It is also an object to provide an optimal nozzle structure having a fan shaped or linear pattern of spray jets, for even application of sprayed material when moving the nozzle in a direction substantially transverse of the linear pattern.
It is another object to provide a nozzle structure that can be opened manually for flushing the nozzle orifices, without producing a general emission of pressurized liquid.
It is another object to provide a nozzle in accordance with the foregoing aspects, employing resilient seals placed to prevent a general emission of the liquid while controlling opening of the nozzle structure for flushing.
These and other objects are accomplished by a fan spray nozzle providing a linear spray pattern of very fine droplets suitable for spraying thin invert emulsions containing active agents such as herbicides, pesticides, fungicides, growth regulators and the like, especially using an array of nozzles mounted en a moving vehicle. Each nozzle has a nozzle plug fitted into a nozzle body having an indentation complementary to the plug. A chamber in the body is coupled to the indentation and to an inlet for feeding pressurized liquid into the chamber. One or both of the nozzle plug and the nozzle body have a plurality of narrow grooves (0.001 to 0.015 inch or 25 to 400 microns in width), in a line along an abutment between the nozzle body and the nozzle plug and leading from the chamber to an external wall of the body. A manual release such as a thumbscrew holds the nozzle plug in the indentation, and when released enables the nozzle plug to pivot or hinge relative to the nozzle body, thereby separating the two and flushing the orifices in a direction limited to the direction of normal spray discharge. The hinging is facilitated by an elongated seal between the plug and the body along an edge of the indentation opposite from the orifices, and an O-ring on the shaft of the release that resiliently biases the plug to lift from the body.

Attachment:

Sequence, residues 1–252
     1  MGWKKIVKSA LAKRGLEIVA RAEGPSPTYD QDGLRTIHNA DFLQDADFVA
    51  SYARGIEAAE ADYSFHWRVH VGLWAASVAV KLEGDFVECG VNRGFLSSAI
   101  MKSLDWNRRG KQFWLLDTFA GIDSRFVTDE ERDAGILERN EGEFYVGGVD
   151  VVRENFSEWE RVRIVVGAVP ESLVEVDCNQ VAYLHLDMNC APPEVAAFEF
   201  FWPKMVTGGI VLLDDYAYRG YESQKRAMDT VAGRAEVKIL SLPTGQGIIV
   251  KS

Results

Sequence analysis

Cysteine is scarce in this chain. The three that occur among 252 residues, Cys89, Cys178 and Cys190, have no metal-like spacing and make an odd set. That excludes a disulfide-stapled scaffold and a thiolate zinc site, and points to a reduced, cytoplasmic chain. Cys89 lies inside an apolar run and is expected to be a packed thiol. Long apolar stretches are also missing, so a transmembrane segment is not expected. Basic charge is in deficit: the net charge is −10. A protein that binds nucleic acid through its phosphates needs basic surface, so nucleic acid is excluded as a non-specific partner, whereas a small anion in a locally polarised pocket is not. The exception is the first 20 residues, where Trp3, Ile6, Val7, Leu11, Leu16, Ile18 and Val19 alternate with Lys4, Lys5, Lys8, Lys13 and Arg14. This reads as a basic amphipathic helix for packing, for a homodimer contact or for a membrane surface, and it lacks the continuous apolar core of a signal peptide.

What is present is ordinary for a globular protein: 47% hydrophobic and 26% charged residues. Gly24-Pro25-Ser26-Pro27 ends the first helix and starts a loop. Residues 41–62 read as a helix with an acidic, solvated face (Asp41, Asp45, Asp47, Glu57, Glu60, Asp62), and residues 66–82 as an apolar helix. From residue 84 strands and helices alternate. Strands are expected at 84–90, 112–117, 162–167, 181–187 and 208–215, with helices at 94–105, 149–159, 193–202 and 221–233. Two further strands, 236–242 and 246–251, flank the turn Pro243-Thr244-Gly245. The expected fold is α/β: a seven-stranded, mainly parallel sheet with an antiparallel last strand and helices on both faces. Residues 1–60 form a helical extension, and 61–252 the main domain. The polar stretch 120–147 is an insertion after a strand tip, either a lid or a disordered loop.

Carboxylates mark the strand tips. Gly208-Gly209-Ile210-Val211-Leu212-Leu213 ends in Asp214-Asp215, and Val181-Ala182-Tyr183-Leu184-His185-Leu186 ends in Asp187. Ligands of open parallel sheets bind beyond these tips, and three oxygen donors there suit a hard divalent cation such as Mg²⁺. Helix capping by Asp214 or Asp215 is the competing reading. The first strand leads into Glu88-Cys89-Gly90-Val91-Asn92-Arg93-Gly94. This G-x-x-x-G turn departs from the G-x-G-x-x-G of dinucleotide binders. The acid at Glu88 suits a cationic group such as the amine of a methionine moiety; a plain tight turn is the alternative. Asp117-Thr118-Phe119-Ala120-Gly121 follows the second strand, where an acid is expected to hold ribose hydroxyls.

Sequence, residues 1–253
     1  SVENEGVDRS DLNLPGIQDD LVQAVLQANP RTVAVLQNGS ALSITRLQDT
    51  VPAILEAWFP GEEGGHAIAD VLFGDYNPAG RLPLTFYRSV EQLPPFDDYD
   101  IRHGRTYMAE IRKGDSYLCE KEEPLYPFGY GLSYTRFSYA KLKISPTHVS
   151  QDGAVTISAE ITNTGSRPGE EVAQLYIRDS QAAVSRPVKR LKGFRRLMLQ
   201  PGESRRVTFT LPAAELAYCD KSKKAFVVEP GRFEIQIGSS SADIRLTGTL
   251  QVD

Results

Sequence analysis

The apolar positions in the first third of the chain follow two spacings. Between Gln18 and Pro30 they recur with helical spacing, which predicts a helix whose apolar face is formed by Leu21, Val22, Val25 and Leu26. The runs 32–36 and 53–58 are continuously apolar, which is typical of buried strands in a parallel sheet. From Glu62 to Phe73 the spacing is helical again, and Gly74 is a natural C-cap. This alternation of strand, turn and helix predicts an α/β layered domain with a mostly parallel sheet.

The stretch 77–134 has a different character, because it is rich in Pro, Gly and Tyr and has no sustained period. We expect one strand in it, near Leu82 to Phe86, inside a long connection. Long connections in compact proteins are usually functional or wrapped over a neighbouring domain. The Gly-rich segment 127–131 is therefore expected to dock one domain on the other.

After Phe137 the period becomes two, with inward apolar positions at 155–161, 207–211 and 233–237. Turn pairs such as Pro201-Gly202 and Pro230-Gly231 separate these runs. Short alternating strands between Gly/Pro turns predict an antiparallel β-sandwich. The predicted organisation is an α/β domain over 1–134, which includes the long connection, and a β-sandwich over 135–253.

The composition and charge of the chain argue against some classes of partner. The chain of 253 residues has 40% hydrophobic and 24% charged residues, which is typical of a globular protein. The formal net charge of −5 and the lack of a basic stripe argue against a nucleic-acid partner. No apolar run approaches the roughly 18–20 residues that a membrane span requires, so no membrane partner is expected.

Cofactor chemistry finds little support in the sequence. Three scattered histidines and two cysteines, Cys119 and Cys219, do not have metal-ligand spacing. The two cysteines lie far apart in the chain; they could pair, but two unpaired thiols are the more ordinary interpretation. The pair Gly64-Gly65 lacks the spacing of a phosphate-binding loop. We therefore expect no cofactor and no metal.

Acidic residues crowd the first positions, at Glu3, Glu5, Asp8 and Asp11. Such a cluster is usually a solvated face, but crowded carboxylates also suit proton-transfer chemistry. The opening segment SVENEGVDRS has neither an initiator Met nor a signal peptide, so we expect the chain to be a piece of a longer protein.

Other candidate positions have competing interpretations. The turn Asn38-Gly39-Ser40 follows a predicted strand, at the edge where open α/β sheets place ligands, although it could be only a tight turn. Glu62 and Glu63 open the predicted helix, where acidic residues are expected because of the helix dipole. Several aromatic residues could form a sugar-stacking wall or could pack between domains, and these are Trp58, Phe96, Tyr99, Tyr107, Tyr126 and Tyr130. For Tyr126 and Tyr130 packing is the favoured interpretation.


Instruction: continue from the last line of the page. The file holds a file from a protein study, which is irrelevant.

The release has a threaded shaft affixing the nozzle plug to the nozzle body, having an axis aligned substantially transverse to a line of discharge through the orifices. The elongated seal between the nozzle body and the nozzle plug forms a hinge point and when the release is operated permits the plug to hinge away from the body at the orifices for flushing while limiting the direction of the flushing discharge to the normal direction of spray discharge.
The nozzle is particularly useful in an array mounted on a vehicle moving on a path, in that the elongation of the spray pattern can be oriented transverse to the direction of travel to produce a very even spray swath. For example, such an array is usefully mounted on a railroad car or other vehicle for plant growth regulation on and adjacent to the path of travel.
Other aspects of the invention will become apparent from the following description and the accompanying drawings, which are directed to nonlimiting exemplary embodiments.
The drawings show embodiments of the invention that are presently preferred. It should be understood that the invention is not limited to the arrangements and instrumentalities shown in the drawings and is capable of embodiments in other groupings of parts, subassemblies and the like, in accordance with the scope of the invention claimed.
FIG. 1 is a perspective view of a micro-orifice nozzle having a fan spray pattern according to the present invention.
FIG. 2 is an elevation view of the nozzle, viewed along the centerline of the discharge pattern.